To the Editor: St. George Avenue Street Mural 

Submitted photo

Regarding the now covered mural on St. George, I would like to commend the Gazette’s spin on the absolutely ridiculous fast action taken by VDOT to eliminate community artwork and grassroots action, and also comment on the subsequent letter sent by a Crozet resident condemning the street mural.

The evidence on whether or not street paintings are a safety hazard as the aforementioned letter claims is extremely slim, and the topic thus highly debatable. If you read up on the topic it seems clear that safety of such artwork is reliant largely on placement—such as not obscuring crosswalks or other vital directions and guidance for drivers. Placed at a crossroad on a residential street where people should be driving slowly anyway, the evidence is ever-clearer that street murals are in fact a safety enhancement, naturally reminding drivers to slow down. Some major cities have actually been formally granted funds for street art projects in order to increase street safety and community engagement. Check out the Bloomberg Philanthropies’ Asphalt Art Initiative program, for example.

Here are actual facts: a small child was hit by a speeding car and seriously injured on St. George, and the formal action taken by the residents to get VDOT to address the safety issues on the street was completely ignored (the issue bureaucratically relegated to “study,” and we all know what that means). The subsequent response of peaceful civil disobedience by resident parents to paint the whimsical and sweet rainbow train track mural with the Crozet flower at the center was therefore both courageous and full of servant love for their neighbors. The design was extremely thoughtful and clearly meant to put people in mind of young children and of love for their community. And it worked. Drivers were in fact slowing down. There were no accidents during the duration that the mural was visible on the street. (And it could be noted that at least one similar “unsanctioned” street mural in Charlottesville has gone undisturbed for some years now.)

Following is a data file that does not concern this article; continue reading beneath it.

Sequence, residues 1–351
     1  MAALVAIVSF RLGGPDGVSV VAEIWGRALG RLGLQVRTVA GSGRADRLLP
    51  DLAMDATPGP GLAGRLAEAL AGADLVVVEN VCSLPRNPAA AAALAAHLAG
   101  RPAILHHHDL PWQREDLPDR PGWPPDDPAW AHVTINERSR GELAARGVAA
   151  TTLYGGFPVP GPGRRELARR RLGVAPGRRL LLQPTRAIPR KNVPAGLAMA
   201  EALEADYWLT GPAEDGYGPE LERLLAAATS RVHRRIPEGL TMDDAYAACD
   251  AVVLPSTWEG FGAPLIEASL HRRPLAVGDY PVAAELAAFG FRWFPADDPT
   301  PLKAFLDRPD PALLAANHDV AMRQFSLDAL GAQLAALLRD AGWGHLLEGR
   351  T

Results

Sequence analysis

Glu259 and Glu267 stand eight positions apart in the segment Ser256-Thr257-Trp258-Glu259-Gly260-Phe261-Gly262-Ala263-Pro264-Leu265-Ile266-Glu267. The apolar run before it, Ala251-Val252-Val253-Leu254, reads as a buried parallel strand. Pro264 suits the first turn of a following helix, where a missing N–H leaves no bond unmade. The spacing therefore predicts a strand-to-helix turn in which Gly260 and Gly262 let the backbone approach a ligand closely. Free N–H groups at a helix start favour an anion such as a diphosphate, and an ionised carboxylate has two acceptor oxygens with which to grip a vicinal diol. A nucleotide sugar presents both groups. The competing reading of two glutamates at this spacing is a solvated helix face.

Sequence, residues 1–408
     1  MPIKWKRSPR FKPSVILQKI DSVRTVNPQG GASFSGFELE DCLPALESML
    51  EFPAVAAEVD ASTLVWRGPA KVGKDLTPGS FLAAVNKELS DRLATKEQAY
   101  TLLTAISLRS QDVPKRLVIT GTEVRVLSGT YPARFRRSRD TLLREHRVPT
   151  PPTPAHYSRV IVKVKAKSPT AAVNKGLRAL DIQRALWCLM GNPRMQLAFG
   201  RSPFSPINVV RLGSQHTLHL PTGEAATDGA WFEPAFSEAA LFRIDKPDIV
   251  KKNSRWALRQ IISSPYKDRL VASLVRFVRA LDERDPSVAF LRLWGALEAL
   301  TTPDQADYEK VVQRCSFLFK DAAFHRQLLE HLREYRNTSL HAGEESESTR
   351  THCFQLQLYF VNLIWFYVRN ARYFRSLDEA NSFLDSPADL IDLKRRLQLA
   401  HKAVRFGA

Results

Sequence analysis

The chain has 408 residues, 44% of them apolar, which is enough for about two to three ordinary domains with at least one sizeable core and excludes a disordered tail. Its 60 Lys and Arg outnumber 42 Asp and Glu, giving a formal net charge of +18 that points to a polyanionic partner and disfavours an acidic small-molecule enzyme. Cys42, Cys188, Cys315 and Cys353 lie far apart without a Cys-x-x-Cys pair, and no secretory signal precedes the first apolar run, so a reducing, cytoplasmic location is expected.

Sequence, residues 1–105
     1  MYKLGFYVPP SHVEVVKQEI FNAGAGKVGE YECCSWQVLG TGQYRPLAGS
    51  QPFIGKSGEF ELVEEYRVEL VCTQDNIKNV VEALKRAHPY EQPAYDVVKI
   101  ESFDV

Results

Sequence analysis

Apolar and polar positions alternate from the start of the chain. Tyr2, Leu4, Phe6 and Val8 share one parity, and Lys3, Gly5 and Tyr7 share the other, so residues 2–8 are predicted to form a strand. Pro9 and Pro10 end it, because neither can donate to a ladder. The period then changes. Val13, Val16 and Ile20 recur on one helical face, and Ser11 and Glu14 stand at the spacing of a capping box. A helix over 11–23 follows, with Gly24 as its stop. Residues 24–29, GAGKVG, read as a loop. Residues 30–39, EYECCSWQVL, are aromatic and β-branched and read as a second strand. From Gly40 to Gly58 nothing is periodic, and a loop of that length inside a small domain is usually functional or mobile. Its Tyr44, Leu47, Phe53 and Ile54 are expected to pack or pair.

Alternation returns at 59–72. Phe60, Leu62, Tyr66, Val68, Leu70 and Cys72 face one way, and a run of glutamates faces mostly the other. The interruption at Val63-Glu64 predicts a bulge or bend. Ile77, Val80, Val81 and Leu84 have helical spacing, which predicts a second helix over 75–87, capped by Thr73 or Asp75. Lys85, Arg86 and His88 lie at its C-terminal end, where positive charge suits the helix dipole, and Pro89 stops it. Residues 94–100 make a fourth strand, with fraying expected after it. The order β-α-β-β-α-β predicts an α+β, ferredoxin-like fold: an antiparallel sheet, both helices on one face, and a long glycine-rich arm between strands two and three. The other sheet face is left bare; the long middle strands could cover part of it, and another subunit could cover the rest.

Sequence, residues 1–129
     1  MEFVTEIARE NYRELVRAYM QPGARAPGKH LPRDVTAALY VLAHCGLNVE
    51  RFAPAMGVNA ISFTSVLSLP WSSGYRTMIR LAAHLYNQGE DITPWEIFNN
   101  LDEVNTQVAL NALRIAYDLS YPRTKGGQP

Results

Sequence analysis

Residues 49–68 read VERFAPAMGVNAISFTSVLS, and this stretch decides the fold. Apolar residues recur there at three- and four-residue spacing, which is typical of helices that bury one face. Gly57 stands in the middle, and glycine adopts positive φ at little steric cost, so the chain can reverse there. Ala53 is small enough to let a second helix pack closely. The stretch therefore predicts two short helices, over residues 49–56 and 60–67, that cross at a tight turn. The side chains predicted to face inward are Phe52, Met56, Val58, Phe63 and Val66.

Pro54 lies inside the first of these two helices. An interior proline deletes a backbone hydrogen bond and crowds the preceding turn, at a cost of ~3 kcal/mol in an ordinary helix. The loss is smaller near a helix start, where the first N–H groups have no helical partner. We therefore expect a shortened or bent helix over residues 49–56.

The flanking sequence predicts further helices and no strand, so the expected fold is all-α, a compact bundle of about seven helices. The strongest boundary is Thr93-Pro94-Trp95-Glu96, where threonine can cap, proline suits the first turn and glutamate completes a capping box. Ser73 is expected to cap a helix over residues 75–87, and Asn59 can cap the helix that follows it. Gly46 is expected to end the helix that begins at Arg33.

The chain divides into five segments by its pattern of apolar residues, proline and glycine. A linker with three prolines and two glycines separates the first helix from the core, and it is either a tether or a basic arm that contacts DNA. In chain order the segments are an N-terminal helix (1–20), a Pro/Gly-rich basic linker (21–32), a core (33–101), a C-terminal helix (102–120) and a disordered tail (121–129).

My hat remains off to these parents who took action to protect kids (on a street full of young families and a large preschool) when the state won’t. What has unfolded in response to the mural is small town bureaucracy and abuse of power structures at its absolute worst.

AmaJean Smith


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